I was fortunate that, when relatively late in life I decided to become a school teacher, I wound up in a Master of Arts in Teaching (MAT) program at Johns Hopkins University, which required that we reflect constantly, in all of our courses. Recently I had occasion to clean out some of the accumulated boxes and folders of papers of a lifetime (I am now 67 and we were literally running out of space in our basement). Forty-year-old financial records are no longer necessary, nor are teaching materials more than 10 years old. In the process, I reencountered many papers I had written in the MAT program, as well as all of the notebooks I have kept since I was 15. In a few cases, I was able to match up notebooks written at the same time as papers and reflections for my MAT. It was interesting to see how each fueled the other.
It may be hard to write a type of essay for the first time. If this is your first time to write a personal reflective essay, you can refer to the reflection essay example below.
The library has lots of material that you can use for reference purposes. Every other time when you need something to help you build a strong reflective essay, do not hesitate to check here.
The reflective essay to be included with your WC II portfolio provides you with an opportunity to introduce your writing to the faculty who will be evaluating it. Although there is no specific length requirement, 2-4 pages is a reasonable range to aim for. The essay should indicate how you believe the materials collected in the portfolio demonstrate your achievements as a writer. Here are some suggestions for specific topics and issues you may wish to discuss:
Throughout your reflection, you must demonstrate an understanding of, and alignment of practice with, the NMBA National competency standards, for the registred nurse (2006).
Reflection. A mirror into your very soul, or in the case of student nurses, a dreaded word that comes attached with a hefty word count and a massive graded essay. Sadly – for some – reflection doesn’t just end when we graduate. No, reflection is part and parcel of being a nurse and when we get that sought after pin is when reflection really kicks up a gear. Reflective essays are part of life now.
Pee B, Woodman T, Fry H and Davenport E. (2002) Appraising and assessing reflection in students’ writing on a structured worksheet. , 36, 575 – 585
PS: for the References
these two have to be in and other internet resources are fine.
-Nursing and Midwifery Board of Australia (NMBA) 2006 Competency standards for the registered nurse. Author, Canberra
-Gibb’s Cycle of reflection
May use NMBA code of ethics for nurses in Australia and NMBA code of professional conduct for nurses in Australia.
I won’t bore you to tears with the ins and outs of why reflection is important (purely because I stand a decent chance of plagiarising myself here) but it is. No one stands a chance of learning new skills unless they think about what could be done better and what needs to be thrown in the bin (figuratively speaking) So, say you’re a student nurse. Say you’ve been tasked with a 3,500-word reflective essay all about something that happened to you in placement. How the heck can you get it started?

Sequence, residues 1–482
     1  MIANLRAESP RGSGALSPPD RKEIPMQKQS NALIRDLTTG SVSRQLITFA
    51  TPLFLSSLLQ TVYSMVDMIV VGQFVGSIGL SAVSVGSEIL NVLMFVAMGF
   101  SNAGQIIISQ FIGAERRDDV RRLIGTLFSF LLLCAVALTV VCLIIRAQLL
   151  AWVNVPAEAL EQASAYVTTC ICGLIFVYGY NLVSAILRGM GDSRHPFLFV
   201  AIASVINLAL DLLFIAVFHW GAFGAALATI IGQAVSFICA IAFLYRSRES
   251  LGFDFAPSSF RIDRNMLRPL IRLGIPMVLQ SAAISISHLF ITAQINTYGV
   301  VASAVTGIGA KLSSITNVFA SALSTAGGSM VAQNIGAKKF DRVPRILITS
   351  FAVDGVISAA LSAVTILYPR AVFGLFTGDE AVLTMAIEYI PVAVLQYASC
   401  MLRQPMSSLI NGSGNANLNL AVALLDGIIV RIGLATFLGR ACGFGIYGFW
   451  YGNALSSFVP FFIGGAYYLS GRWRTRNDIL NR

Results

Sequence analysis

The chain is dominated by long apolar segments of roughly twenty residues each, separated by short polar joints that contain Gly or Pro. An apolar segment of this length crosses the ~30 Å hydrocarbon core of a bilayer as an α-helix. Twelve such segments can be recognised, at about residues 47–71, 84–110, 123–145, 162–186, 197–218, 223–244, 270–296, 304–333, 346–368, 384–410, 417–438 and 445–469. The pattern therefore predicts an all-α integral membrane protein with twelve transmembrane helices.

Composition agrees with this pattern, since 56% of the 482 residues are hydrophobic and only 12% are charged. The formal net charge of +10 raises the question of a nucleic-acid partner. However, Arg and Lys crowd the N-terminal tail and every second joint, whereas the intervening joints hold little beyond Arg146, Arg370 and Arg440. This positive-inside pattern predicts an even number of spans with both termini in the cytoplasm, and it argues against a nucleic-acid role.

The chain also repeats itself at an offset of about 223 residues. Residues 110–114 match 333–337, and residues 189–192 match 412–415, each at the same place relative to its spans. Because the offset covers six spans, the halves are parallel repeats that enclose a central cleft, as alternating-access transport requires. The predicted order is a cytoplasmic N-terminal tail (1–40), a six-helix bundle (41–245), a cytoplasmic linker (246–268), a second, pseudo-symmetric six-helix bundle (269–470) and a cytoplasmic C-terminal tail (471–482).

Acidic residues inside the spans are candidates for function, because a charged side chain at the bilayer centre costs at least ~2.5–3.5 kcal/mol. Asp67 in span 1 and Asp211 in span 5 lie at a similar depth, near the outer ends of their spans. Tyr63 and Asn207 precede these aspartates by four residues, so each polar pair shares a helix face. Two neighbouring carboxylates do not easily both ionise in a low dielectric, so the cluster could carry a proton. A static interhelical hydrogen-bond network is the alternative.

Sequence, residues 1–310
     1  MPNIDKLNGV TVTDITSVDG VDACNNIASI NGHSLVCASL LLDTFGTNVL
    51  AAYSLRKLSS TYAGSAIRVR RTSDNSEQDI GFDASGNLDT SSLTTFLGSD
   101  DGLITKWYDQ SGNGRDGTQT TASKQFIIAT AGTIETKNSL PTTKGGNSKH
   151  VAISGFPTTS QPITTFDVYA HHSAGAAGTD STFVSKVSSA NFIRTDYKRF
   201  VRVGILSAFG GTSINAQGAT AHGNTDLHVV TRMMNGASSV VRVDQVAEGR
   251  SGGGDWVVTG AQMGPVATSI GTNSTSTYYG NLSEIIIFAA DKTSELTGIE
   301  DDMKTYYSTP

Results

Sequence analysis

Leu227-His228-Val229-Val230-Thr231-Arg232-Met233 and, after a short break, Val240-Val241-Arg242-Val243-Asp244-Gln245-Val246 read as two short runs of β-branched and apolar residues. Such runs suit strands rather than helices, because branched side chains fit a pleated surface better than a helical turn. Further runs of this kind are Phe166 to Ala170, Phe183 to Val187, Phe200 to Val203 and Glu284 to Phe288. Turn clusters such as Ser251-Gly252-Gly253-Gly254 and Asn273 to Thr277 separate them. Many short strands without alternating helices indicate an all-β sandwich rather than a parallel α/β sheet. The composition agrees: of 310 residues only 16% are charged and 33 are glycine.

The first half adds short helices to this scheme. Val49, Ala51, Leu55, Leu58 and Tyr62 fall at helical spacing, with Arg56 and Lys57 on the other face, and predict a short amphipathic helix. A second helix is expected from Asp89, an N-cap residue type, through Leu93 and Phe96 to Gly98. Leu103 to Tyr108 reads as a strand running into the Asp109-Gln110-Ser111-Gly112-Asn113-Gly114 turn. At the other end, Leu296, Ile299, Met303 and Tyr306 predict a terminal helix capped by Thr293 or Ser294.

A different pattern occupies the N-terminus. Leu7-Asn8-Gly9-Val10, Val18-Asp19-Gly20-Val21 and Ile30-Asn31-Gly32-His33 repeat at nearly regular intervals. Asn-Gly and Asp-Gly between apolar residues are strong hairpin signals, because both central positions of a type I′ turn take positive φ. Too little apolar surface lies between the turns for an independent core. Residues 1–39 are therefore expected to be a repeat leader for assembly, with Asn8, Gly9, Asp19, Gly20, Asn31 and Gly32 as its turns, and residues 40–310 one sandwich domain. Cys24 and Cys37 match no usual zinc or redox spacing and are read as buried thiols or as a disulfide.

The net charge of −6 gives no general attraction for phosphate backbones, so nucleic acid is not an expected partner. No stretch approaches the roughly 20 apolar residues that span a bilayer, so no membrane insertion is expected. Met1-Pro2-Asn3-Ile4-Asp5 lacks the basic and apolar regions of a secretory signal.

-Attend hand over to gather information at the beginning of my shift.
-Observe and listen to other nurse’s handover to get useful strategies.
-Attend the handover on time to not miss relevant clinical information.
-Practice giving clinical handover with 2 patients by week 1 and building up to 6 patients by week 2 under preceptor supervision at the end of my shift.
-Use the time management gird.
-Collect relevant medical/surgical information from the various tools (ex: read progress notes, check fluid balance chart, medication chart, observation chart, pathology results and talk to patients), so that I know my patients well enough to handover.
-Evaluate and assess the patients’ response to nursing interventions and upgrade information accordingly.
-Use the ISBAR tool as a guideline for the handover.
-Find/read the hospital policies and procedures related to the handover.
-Simulated handover practice with my preceptor before giving the handover, especially 1st week of clinical placement.
-Learn and use medical terminologies and standard abbreviations appropriately during my handover.
-Reflect on my own performance of handover and identify areas of improvement.
*Reflecting on your practice enables:
-Alignment of practice to the NMBA National competency standards for the registered nurse (2006)
-Professional and personal growth
-Time to consider the complexities of health care delivery, in contemporary settings.
Remember, reflection will be getting all deep and personal about your feelings and beliefs, about why you think and feel that way and why you reacted as such. Ain’t no use writing about something you really have no connection to. Unless you’re a martyr of course.
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